Shortly after immigrating to Canada from South Korea as a teenager, Jennifer Roggemann had an encounter with our justice system that opened her eyes to the impact someone with her particular background, academic drive and desire to help could have on the lives of other newcomers.
“A family member got into legal trouble,” she recalls. “It was all a cultural misunderstanding, but we had to go to court.” From there, the cultural misunderstanding continued. “My father’s head was down — in embarrassment at having to be there — and the judge told him ‘not to sleep in my court.’” This led to further reprimand from their own counsel who explained angrily that they needed to get the judge on their side. Says Roggemann, “I remember thinking that if I’m ever able to speak English proficiently – if I ever become a lawyer – that would never happen.”
More than 25 years later, Roggemann, who helms Roggemann Immigration Law, a highly regarded boutique firm in Waterloo, has not only helped countless people become Canadians, through her legal acumen; she has helped them belong to a community, through her volunteer leadership.
This year, as she transitions off the Waterloo Region Immigration Partnership’s Leadership Council after nearly a decade of service, Roggemann has occasion to reflect on how its collaborative, constructive and compassionate community undertakings have made Waterloo feel like home to immigrants and refugees from across the globe.
“Government agencies, health organizations, universities, settlement agencies, language schools, immigrants, the police – we all have a meaningful voice at the table,” says Roggemann. “In a unified format, we decide what we have to focus on to move things forward.”
She cites translation — making sure services and resources are available in multiple languages — among the group’s major achievements, as well as local resettlement efforts for an unprecedented influx of Syrian refugees to Canada. Whether developing new policies or procedures, or ensuring newcomers have their immediate needs met — where to buy groceries, learn the language, or send their kids to school — the Council is dedicated to harnessing their energies and experiences toward easing the transition for those coping with highly stressful circumstances.
Equally important is the dialogue Council members undertake to increase understanding of the issues new Canadians face. Roggemann lent a legal perspective and, as an active member and regular participant in OBA and CBA programs, was able to bring things to the policy level. This shared wisdom and understanding is then disseminated to the community through their respective organizations. “It’s an incredible cascade,” says Roggemann, one that makes a huge difference. “Belonging is very psychological,” she observes. “You may choose Canada, but feeling a part of it is based on others’ reactions,”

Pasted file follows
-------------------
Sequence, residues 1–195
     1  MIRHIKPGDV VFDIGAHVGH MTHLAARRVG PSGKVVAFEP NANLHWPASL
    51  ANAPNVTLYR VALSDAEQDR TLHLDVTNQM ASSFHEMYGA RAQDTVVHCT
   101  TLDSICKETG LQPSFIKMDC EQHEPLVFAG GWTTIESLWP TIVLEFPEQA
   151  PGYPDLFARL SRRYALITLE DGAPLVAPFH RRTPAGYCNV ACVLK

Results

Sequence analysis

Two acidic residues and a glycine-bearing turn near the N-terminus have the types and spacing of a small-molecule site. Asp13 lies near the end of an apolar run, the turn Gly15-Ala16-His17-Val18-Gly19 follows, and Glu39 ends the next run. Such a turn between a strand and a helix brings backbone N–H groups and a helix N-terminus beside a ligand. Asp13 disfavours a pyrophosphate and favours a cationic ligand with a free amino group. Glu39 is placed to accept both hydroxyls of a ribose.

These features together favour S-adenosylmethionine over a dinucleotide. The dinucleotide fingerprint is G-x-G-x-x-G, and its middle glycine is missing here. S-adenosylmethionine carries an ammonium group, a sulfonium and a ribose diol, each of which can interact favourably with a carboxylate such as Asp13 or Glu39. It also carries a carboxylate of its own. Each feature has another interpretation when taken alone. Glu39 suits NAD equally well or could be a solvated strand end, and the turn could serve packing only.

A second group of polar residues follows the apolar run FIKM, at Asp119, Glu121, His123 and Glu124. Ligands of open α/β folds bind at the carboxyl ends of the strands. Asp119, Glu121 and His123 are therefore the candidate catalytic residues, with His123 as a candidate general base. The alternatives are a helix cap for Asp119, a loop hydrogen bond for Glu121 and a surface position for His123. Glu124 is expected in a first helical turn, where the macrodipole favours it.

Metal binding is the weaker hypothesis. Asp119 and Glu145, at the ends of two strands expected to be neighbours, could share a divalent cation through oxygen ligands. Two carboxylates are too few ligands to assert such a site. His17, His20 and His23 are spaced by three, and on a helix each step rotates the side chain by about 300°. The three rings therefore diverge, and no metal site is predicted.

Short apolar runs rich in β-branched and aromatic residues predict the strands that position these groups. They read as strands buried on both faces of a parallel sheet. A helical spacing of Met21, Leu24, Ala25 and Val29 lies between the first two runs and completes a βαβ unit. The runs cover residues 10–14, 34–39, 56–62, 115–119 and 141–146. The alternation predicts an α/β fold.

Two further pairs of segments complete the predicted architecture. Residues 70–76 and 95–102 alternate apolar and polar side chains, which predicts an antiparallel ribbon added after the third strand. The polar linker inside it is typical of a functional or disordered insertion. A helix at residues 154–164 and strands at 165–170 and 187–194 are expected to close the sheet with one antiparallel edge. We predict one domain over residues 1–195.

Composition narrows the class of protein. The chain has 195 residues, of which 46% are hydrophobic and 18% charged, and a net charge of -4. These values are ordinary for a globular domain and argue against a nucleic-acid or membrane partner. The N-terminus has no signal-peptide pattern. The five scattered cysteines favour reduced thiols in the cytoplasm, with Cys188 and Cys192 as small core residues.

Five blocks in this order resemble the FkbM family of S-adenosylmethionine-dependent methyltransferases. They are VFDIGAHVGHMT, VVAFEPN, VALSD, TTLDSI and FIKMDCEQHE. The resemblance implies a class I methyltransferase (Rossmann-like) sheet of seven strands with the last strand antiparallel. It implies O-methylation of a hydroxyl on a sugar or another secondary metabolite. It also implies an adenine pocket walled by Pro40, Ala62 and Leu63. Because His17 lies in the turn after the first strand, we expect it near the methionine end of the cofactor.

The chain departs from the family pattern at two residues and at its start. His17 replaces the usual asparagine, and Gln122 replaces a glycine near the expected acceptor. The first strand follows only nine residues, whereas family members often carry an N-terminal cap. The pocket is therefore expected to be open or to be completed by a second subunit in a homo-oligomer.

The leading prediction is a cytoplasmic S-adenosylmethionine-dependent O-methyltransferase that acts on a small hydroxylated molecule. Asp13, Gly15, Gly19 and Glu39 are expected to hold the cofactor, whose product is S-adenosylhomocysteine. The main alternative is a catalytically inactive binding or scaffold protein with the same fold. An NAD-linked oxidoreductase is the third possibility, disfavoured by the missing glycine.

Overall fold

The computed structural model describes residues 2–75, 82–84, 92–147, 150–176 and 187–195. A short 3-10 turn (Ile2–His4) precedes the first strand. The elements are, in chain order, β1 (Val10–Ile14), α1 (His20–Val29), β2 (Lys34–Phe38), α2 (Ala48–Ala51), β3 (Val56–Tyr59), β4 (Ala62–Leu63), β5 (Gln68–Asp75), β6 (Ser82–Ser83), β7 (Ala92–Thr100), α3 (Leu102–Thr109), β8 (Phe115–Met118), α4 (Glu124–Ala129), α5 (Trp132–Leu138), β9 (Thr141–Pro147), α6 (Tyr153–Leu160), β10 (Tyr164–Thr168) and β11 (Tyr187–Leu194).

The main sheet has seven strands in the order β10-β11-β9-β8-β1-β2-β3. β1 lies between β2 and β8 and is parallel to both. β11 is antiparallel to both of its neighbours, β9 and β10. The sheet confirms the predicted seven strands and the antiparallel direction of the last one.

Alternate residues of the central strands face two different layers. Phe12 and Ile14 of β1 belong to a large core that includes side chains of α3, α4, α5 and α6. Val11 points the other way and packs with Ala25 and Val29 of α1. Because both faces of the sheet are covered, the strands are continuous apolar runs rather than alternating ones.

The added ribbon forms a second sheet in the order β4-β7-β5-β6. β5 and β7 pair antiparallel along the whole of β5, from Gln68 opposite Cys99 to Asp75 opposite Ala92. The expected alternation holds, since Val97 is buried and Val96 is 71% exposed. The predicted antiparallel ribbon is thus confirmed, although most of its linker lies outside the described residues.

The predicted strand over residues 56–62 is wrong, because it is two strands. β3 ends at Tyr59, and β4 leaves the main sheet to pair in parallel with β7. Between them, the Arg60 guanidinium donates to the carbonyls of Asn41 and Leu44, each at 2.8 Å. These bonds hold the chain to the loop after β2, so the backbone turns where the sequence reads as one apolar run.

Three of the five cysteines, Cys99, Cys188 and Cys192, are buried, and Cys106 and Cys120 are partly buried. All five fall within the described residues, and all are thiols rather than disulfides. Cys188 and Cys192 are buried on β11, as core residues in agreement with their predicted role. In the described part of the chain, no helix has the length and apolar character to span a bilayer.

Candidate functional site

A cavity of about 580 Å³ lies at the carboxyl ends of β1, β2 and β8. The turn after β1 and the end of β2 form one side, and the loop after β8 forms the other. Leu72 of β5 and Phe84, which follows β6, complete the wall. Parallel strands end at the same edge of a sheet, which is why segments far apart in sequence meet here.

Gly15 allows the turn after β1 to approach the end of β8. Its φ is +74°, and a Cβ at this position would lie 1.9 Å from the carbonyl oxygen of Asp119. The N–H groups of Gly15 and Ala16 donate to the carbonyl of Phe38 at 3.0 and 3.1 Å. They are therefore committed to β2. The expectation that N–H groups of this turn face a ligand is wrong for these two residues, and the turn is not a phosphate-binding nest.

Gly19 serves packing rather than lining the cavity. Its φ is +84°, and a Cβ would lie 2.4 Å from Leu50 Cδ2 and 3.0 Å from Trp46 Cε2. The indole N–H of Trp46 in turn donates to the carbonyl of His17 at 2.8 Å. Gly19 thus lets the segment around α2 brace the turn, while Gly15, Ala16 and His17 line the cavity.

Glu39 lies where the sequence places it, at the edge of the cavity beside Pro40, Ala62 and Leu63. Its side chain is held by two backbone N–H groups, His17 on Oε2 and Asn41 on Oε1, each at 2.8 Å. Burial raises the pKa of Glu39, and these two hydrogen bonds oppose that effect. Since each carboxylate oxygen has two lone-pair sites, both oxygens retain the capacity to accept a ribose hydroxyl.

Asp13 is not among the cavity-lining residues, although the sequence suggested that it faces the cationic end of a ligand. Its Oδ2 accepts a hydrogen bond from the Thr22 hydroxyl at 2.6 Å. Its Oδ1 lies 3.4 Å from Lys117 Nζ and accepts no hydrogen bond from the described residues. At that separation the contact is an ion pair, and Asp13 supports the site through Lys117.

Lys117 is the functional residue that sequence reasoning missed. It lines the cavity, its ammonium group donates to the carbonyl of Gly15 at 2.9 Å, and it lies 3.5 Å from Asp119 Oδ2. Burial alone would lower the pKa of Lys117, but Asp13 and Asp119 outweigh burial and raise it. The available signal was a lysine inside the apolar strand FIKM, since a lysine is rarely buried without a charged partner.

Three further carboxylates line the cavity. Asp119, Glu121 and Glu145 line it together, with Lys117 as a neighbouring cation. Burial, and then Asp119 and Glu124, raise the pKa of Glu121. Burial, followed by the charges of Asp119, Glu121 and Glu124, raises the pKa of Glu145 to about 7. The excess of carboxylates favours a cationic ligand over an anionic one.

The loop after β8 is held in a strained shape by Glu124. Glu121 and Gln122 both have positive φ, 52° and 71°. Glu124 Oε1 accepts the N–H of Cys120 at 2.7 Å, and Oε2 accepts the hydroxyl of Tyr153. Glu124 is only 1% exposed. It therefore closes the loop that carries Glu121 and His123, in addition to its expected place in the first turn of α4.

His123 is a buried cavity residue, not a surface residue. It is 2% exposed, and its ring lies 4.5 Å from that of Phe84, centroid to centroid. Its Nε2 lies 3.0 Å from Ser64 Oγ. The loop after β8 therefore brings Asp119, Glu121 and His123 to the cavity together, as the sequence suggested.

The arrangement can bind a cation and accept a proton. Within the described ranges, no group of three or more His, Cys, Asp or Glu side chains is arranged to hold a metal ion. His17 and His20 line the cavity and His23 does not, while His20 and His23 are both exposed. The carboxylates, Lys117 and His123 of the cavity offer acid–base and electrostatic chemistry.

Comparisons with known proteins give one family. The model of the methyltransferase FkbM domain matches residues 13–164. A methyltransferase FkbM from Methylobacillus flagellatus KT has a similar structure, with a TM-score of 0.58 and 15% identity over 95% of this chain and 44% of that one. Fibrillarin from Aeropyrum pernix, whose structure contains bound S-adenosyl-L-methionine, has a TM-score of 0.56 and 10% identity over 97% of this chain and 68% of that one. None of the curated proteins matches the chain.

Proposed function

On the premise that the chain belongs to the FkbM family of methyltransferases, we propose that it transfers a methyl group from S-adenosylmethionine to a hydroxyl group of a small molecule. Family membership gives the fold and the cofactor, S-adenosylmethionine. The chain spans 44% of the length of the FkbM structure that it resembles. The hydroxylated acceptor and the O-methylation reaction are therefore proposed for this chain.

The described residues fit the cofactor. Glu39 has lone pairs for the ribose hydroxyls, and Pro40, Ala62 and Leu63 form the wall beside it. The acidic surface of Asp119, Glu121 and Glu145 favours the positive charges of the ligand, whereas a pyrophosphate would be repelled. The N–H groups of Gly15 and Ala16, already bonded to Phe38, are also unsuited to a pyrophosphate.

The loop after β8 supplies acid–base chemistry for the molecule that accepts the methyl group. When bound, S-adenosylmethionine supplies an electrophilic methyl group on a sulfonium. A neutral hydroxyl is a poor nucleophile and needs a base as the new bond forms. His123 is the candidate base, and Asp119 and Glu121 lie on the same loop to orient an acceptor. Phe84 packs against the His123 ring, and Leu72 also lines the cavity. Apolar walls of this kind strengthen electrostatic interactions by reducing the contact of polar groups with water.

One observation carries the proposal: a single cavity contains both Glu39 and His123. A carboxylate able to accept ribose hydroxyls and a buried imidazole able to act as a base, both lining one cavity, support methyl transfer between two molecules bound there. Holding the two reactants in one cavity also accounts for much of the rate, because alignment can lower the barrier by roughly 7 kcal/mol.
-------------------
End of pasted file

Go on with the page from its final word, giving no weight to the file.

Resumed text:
Among the highlights of her volunteer work has been delivering congratulatory remarks at citizenship ceremonies where Canadians get to see what if feels like — the joy and the excitement — of becoming Canadian. “In ’93, when I became a citizen, the speaker at the presentation asked who is a better Canadian — the ones who choose this country or those who were here first by accident of birth?” she recalls. “There is a great sense of affirmation in this …‘we accept you.’”
As a lawyer, Roggemann must build trust in an immigration system that is challenging to navigate and that endeavours to institute, on a national scale, uniform regulations within very diverse communities. “Some immigrants come from countries where there is no rule of law, no trust base, where the government is not there to protect. I have to create an understanding that [our] government is not creating policies to punish people.” She believes, in the words of former Chief Justice of Supreme Court of Canada, Madam Justice Beverley McLachlin, that “justice and the rule of law are simply the best hope for the future.” “Law is a part of the community,” Roggemann asserts. “We as a community cannot function without it.”
That belief, her Christian faith, healthy boundaries and mindfulness sustain her as she assists clients struggling with tumultuous events. So, too, does her volunteer work. “You can be jaded, you can be challenged; there are so many uncontrollable factors. You can get disappointed in the human race — people do desperate things at desperate times,” she explains. “Through volunteer work, you come to have incredible compassion for clients, and not only compassion, but gratitude: I’m grateful for my community; I’m grateful for my staff; for my friends and my family; I appreciate where I am in my life.”
Empathy is more important to the practice of law than most new lawyers realize. Roggemann recalls a volunteer experience at a soup kitchen — a place she was not at ease, as a self-professed poor cook. Being so far out of her comfort zone, it occurred to her how vulnerable her clients are when entering her office feeling overwhelmed and uncertain.
“At work, you become more savvy, you learn; in volunteering, you become more humble,” she offers. “Clients don’t care about the sections of the Immigration Act – they want to know what it’s going to mean in their lives.”